National Air Traffic Services (Nats) was secretly considering abandoning a £50m contract with supplier EDS when it told Parliament that the company had delivered a world-beating system.
Details of Nats' internal discussions on the state of a private finance initiative (PFI) contract for the new Oceanic air traffic system in Scotland were revealed in legal proceedings in advance of a High Court battle between Nats and EDS. The trial is due to start this week.
The battle comes after EDS sued Nats, claiming it had lost more than £40m as a result of the early termination of the Oceanic contract. It was due to run for 14 years until 2011. Nats terminated the contract in July 2000, claiming that EDS had failed to meet a vital deadline in May 2000, which EDS denies.
Now internal e-mails and other documents referred to in court papers show that Nats considered cancelling the contract months before the May 2000 deadline.
Between August 1999 and March 2000, Nats discussed the possibility of cancelling the PFI deal.
In the midst of these discussions, the then chief executive of Nats, Bill Semple, appeared before the House of Commons transport committee and praised EDS when he was asked by an MP to comment on the progress of the Oceanic contract.
Referring to EDS having built the first man-machine interface model for the new Oceanic system Semple said, "It looks a first-class world-beating system." He added that some Nats staff "have seen the system now and they all, universally, I believe, like the system".
But three weeks earlier, in November 1999, two senior executives at Nats, finance director Nigel Fotherby and programmes director Peter Finch, had exchanged e-mails concerning the "likely costs of renegotiating the [EDS] contract and of buying out or terminating it".
The question of termination was still under active review three months later. Following a Nats board meeting on 3 February 2000, Finch wrote a memo to Nats' chairman Roy McNulty, Semple and Fotherby. According to court papers it read, "After the spirited debate at the board meeting we were left in no doubt regarding the board's intentions. Nats wishes to be rid of both the PFI [contract] and EDS."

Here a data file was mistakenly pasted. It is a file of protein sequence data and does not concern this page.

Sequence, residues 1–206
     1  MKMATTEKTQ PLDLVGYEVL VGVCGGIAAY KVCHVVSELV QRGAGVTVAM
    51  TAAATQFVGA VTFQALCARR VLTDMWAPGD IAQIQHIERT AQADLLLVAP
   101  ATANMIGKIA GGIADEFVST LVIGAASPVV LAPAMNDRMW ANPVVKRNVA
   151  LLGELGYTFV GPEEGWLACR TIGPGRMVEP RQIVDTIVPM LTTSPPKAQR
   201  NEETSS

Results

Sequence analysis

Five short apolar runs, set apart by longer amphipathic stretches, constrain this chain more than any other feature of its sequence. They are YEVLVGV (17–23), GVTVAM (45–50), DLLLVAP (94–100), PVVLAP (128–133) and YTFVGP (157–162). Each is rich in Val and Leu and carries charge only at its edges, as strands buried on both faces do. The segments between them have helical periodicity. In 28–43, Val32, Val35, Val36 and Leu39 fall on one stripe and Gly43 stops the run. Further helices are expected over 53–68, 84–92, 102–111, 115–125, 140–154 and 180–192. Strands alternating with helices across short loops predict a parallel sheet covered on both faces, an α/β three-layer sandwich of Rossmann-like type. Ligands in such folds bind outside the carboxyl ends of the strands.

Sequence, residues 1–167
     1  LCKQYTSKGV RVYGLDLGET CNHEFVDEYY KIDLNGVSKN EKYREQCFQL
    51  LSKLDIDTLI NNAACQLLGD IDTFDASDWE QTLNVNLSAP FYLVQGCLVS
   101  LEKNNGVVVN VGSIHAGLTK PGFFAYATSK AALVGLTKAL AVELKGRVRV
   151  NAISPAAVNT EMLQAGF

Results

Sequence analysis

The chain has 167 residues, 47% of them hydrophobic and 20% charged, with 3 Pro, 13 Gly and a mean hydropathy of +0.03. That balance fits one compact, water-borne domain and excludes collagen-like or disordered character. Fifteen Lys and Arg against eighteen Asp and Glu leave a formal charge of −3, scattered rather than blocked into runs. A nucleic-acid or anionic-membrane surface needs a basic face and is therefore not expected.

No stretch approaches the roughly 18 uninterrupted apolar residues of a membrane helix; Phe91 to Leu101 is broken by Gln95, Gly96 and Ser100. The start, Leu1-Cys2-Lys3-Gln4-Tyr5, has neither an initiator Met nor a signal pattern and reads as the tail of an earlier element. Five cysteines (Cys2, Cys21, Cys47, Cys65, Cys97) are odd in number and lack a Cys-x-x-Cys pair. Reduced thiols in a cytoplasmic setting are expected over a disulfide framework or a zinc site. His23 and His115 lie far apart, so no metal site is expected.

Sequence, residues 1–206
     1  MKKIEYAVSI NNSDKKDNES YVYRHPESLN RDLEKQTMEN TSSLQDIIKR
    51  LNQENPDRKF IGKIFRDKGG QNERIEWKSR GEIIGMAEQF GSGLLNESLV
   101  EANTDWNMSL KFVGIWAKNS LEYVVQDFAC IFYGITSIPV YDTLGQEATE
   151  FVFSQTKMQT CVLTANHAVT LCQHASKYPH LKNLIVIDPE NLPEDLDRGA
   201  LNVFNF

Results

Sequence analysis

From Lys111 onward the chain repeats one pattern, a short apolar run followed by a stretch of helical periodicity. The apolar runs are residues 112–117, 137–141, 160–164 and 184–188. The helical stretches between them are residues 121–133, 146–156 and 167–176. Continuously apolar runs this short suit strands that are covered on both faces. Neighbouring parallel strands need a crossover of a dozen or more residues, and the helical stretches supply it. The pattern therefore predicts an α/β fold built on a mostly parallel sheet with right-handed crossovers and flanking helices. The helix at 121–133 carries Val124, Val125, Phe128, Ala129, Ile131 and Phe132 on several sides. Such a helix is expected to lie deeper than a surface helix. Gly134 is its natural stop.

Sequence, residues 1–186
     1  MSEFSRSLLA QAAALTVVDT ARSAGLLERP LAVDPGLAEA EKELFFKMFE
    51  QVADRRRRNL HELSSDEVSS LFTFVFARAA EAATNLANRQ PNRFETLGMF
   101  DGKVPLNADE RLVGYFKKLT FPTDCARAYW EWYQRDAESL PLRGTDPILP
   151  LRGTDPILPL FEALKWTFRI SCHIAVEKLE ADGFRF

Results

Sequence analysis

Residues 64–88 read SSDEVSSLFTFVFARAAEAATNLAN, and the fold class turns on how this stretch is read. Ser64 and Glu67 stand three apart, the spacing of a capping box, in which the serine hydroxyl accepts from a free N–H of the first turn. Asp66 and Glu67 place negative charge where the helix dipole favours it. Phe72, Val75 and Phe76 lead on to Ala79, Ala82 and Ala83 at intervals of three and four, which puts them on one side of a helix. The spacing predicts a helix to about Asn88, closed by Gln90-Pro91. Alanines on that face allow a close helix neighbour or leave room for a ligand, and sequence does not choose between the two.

In public Nats and the Government have always claimed it was EDS' performance that led to the Oceanic contract being cancelled. But the Nats disclosures summarised in court documents suggest that Nats may have seen the Oceanic contract as an impediment to the forthcoming partial privatisation.
In an internal presentation on 5 March 2000, Brian Hayes, Nats' head of contracts and purchasing, said the existence of the PFI deal "represented a risk to the intended privatisation or part privatisation of the defendant [Nats]," court papers reveal. This is a reference to the sale of 46% of Nats last year to a group of airlines.
Nats has said publicly in the past that it was opposed to PFI contracts, partly because the return on investment accrues to the contractor, not Nats.
A further Nats memo dated 3 February 2000 referred to the need to exploit resolutely a "termination opportunity". At the February 2000 board meeting Finch is said to have given a presentation which requested support for terminating the agreement at the system's second critical design review in May 2000.
Last year, the Department of Transport denied in a statement to Parliament that the cancellation of the Oceanic deal had anything to do with the way it had been set up as a PFI contract. It said the termination was "simply the failure of the contractor to meet a major project milestone".
A Nats spokesman said, "All these issues will form the basis of the court case which we will defend vigorously. Our position on EDS and PFI is that we would have continued with the contract if EDS had performed."